Highlights from the repairs department
Most of our controllers have been reliably fulfilling their duties for centuries, often for 30 years. Still, it can't be avoided that, from time to time, electronic parts break because of lightning and overvoltage, or because some other cirucmstances make it such that the device doesn't work anymore. We don't want to make our customers unnecessarily buy a new a controller. We are well aware of our responsibility to handle valuable ressources with care, thus opposing trends of a throwaway society. Therefore, we repair any controller, no matter how old, as long as it's possible and it makes sense, and for cheap flat charges.
Half a percent of devices are sent in for repairs
In the year 2017, 11.898 producuts (controllers, extensions and sensors) were sent in for repairs. However, more than 40 percent aren't even defective, for some kinds of device this number goes as high as 60%, where incorrect handling or wrong settings turn out to be to blame for malfunctions. Another 15 percent were damaged by overvoltage, lightning or other external influences.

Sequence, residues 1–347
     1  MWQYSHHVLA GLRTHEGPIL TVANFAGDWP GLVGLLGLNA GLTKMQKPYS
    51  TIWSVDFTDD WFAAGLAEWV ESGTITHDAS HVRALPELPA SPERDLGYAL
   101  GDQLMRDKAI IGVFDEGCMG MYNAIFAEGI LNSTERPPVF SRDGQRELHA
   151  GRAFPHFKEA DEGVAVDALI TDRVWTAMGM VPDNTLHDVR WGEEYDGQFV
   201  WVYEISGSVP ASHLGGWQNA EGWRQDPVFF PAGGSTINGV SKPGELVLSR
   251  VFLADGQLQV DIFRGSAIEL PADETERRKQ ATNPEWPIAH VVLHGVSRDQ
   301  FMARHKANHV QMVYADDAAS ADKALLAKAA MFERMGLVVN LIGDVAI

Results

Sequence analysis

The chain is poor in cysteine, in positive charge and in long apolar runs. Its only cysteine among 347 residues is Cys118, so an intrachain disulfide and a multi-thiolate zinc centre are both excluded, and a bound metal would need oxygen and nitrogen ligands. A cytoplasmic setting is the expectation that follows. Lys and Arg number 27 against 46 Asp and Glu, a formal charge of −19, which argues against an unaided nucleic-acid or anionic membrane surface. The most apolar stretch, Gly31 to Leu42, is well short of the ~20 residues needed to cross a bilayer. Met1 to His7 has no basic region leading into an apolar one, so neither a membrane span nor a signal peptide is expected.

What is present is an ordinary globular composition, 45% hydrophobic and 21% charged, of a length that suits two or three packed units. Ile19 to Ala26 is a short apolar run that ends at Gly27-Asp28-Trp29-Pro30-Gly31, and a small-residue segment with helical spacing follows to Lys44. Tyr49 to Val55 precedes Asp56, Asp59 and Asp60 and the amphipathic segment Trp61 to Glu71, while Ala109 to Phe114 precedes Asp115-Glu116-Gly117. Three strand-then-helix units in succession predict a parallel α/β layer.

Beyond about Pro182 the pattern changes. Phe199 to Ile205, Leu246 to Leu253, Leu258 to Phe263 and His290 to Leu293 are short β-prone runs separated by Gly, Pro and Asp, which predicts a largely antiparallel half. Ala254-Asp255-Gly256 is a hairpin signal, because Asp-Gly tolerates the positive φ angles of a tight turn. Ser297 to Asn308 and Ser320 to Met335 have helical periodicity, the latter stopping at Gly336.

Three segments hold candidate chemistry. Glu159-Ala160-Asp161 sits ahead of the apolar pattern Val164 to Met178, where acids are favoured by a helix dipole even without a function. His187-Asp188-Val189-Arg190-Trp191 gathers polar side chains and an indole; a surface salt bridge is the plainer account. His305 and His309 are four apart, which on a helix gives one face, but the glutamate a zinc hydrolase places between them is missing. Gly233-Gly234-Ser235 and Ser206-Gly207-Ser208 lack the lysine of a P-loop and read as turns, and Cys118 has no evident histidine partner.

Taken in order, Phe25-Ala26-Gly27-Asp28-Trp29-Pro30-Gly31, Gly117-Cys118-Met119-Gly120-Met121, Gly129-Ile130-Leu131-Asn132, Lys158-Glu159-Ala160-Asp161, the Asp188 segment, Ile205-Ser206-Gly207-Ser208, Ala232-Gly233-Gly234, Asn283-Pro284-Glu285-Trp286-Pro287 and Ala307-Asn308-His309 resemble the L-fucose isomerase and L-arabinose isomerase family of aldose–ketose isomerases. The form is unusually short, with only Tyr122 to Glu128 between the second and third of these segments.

Infact, only about 0,5% of sold products are sent in for repairs.
Our RMA system at http://rma.ta.co.at is very helpful, simplifying traceability and documentation. On top of that, customers receive an insight into the status of the repairs.
Back to the customer within a week
Processing times of repairs vary depending on the time of the year. While many controllers are already sent back the next day, it might also take up to 3 weeks. On average, devices are sent back within 5 working days.
In for repairs after 30 years
We're especially proud of devices that are sent in for the first time after 30 years of service. In the year 2017, we had the honors of repairng a DTS14 from the year 1989, but also a DTS12 and two DTS13, both produced in the early 1990s. Another highlight were definitely the repairs of an EPM3022 (energy and performance meter) from the year 1990.
The causes are sometimes quite entertaining. While the standard causes for necessary repairs are hardware defects, faulty operation or lightning strike, our colleagues sometimes face a more animalistic type of wear and tear. Things like circuit boards damaged by snails or the scroll wheel of a UVR1611 nibbled on by mice.